In Whistler, B.C. on Saturday and Sunday
'There's nothing quite like a cool mountain breeze and the lingering smell of skunk," mused Elvis Costello as he closed the Whistler Music Festival on Sunday.
What began on Saturday morning with a bear escorted from the venue half way up Blackcomb Mountain, ended with a sun-baked, dirt-caked crowd singing along to Costello's Peace, Love and Understanding, before tidying up after themselves and waiting patiently in line at the gondola for a ride back down to the village.
Festival Network's first year at Whistler was a success - if only modestly so at the box office (early estimates suggest 5,000 attended Saturday, slightly fewer Sunday). Carelessly clashing with the more established Vancouver Folk Music Festival, and just a week before the corporate behemoth of the Pemberton Festival rolls into the mountain region, Whistler felt a little forgotten in the mix. The low-key profile may do them no harm: With three more years already booked, this felt like a trail run, with Festival Network's CEO, Tom Shepard, in attendance throughout, making changes on the fly and taking notes for next year.
First on that list should be creating a more hospitable space: The lunar-like landscape, usually home to Whistler's Tube Park, was miserably rocky underfoot and every gust of air brought with it a fresh cloud of dust. Ticket holders were unfazed, trekking back to the village to return with chairs, tents and coolers (a "no outside food" rule was waived for the weekend), the chilled out, family-friendly atmosphere leaving the couple of cops doing cursory circuits nothing to do save smile and sweat. "Keep hydrated and ask us if you need sunscreen" became the m.c.'s mantra.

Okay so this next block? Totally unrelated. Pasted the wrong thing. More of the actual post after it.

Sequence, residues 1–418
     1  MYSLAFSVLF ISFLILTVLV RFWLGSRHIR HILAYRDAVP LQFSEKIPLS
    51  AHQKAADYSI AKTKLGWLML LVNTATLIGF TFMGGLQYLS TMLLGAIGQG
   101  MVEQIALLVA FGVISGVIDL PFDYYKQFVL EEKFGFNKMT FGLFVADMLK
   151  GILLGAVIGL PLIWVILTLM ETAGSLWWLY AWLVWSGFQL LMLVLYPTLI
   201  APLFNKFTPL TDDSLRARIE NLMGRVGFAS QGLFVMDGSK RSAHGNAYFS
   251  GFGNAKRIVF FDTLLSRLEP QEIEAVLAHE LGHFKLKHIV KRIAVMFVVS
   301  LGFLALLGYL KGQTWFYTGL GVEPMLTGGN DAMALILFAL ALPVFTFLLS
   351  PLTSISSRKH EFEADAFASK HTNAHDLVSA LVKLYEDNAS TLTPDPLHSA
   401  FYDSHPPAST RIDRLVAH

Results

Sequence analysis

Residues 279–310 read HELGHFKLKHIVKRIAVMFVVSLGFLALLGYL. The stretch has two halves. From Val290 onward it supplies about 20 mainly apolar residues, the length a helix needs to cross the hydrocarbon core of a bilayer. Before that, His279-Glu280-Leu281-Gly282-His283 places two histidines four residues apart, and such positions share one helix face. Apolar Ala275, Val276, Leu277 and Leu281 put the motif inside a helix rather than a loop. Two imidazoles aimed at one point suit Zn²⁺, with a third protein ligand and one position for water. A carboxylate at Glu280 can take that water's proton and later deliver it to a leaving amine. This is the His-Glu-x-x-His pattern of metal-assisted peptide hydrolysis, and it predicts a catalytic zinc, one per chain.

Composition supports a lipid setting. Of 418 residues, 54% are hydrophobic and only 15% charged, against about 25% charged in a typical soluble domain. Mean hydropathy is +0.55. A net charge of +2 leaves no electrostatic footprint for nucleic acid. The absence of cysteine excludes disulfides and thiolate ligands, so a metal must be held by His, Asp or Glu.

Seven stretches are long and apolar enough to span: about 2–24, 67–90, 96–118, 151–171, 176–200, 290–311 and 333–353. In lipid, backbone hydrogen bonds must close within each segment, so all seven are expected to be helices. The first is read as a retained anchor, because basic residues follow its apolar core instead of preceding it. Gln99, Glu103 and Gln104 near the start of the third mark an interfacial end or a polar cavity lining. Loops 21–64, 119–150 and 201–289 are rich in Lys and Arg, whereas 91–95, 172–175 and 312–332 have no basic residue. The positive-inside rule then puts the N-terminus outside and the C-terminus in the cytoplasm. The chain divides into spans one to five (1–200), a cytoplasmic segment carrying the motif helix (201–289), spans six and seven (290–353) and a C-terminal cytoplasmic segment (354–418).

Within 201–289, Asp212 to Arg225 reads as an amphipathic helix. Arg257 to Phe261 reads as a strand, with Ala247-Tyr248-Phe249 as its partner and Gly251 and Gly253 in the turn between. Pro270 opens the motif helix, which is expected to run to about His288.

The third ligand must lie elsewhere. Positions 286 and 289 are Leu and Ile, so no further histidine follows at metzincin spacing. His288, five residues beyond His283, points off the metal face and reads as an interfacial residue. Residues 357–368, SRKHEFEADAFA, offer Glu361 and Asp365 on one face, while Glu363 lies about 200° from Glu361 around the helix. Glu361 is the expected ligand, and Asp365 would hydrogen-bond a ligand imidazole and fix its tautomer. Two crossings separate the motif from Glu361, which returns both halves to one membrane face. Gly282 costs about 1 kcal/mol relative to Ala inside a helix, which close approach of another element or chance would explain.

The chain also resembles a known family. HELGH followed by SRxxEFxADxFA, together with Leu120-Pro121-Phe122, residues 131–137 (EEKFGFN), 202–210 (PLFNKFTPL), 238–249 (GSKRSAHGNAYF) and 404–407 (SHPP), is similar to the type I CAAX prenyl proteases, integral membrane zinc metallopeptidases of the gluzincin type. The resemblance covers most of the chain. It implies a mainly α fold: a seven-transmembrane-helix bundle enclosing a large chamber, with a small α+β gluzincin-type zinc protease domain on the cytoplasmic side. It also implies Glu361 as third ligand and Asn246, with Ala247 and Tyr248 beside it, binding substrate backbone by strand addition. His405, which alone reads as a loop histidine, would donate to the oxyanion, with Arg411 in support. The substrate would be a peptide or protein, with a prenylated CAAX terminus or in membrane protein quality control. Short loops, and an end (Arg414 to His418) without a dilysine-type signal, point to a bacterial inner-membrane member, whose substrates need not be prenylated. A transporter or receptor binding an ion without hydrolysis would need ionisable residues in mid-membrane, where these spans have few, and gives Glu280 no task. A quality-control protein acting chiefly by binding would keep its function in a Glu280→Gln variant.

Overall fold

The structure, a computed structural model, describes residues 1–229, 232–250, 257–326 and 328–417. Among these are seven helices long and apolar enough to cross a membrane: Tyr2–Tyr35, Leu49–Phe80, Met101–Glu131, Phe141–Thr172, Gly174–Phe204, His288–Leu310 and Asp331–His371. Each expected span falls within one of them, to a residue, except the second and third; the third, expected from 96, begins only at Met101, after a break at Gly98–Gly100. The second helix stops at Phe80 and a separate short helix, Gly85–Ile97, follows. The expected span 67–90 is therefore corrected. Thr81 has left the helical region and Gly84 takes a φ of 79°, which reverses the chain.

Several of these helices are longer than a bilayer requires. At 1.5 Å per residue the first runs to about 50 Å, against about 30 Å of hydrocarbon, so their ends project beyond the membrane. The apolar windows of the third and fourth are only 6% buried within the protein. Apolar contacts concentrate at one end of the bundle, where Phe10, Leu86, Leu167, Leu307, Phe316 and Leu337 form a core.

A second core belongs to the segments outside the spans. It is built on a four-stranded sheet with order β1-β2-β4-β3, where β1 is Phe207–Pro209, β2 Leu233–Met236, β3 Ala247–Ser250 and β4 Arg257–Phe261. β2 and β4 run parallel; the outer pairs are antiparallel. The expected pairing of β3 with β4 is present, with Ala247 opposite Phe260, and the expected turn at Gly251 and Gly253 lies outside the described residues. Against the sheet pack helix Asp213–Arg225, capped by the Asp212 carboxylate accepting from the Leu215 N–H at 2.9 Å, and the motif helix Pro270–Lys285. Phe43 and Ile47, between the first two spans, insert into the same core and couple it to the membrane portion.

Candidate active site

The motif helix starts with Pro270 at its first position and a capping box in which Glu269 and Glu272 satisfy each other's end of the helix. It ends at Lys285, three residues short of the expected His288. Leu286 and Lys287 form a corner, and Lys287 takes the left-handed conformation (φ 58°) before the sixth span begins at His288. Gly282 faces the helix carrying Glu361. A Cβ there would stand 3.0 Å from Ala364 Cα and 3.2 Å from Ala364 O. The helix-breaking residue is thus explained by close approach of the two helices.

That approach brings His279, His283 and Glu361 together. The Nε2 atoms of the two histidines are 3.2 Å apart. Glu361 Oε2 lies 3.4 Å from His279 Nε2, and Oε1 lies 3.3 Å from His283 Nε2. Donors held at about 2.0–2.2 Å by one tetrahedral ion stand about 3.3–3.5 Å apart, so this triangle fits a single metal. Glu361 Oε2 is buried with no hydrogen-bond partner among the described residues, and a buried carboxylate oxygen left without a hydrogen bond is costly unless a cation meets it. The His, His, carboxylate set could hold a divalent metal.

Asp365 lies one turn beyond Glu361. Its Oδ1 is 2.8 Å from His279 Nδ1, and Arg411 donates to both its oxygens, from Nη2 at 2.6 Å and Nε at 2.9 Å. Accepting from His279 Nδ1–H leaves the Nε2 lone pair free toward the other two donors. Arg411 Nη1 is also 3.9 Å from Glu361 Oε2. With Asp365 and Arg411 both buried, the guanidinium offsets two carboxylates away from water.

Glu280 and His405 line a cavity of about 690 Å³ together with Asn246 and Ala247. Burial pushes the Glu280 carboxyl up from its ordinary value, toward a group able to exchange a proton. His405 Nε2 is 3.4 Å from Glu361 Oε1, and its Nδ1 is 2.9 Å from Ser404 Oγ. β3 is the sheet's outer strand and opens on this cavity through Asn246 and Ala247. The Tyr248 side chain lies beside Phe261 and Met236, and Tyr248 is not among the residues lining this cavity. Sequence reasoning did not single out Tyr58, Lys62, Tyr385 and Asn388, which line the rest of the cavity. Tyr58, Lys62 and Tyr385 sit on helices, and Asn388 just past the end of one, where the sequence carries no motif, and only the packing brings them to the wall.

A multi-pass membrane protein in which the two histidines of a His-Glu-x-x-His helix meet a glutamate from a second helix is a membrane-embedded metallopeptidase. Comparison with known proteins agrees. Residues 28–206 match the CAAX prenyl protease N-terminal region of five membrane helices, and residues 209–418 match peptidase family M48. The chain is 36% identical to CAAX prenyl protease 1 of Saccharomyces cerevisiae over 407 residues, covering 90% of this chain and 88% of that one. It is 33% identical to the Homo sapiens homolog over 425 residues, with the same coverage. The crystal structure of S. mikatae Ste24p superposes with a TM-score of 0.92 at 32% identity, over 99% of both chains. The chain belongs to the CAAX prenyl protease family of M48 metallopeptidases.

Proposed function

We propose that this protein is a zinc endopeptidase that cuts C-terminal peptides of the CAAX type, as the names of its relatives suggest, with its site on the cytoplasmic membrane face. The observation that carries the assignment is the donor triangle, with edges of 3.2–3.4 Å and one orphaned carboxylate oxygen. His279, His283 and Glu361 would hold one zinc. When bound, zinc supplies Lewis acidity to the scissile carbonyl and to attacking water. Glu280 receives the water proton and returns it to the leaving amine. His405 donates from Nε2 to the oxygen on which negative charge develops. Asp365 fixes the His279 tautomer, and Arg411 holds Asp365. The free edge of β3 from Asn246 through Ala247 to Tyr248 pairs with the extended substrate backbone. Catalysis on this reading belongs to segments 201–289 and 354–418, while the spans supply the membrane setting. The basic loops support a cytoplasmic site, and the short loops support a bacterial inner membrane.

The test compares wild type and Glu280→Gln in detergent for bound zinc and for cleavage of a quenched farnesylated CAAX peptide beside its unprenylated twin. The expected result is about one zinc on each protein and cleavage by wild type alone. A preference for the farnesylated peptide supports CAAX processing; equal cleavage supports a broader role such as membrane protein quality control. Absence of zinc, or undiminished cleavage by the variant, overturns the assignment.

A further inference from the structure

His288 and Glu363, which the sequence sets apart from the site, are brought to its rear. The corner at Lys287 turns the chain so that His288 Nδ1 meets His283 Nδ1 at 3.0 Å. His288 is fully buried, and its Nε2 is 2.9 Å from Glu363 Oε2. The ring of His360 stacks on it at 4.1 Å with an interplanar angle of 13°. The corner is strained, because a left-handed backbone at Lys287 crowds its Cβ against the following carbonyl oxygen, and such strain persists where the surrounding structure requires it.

The searing heat made getting the audience onto its feet a tough call. On Saturday, it took Ontario's Bedouin Soundclash, with their reggae beats and easy stage presence, to get things moving. But it was Philadelphia's hip-hop group the Roots that cajoled the crowd to create a 3,000-strong mosh pit that stayed on for Washington, D.C.'s prime electronic/lounge band Thievery Corporation.
Day two opened with a last-minute addition: Stephane Wrembel's mellifluous Gypsy jazz, which proved to be the perfect soundscape for a hot and hazy hilltop. An eclectic, heavily instrumental afternoon continued with the psychedelic trance jazz of Medeski, Martin and Wood. Robert Randolph and the Family Band drove the funk a little dirtier, before Cajun legend Allen Toussaint sparkled brighter than his glittery necktie.
Expectations were high for Broken Social Scene, but the weekend's first sound problems saw them leave the stage in disgust after a couple of numbers. Whether it was the false start, or the fact the band's back-up singers were stopped from entering Canada, BSS never got its groove on. The ramshackle set, with long pauses between songs and a visibly irritated front man Kevin Drew, itching to come off early, threatened to wreck the good-natured vibe. Drew's final thanks to "those who only came to see Elvis Costello, anyway" ended a lacklustre performance on an unnecessarily sour note.
When Costello did storm the stage and launched into a high-octane reprisal of Pump It Up, it felt like a slap in the face to the Canadian indie band. The audience may not have been huge, but Costello couldn't have cared less. Ricocheting from classics such as Watching the Detectives and (I don't want to go to) Chelsea to tracks from new album Momofuku, Costello and his band, the Imposters, relished the venue's potential. Encouraging the crowd to turn around and look up the mountain, Costello summed up the weekend: "I can see a bear up there, and he's digging it. Every nightclub should look like this."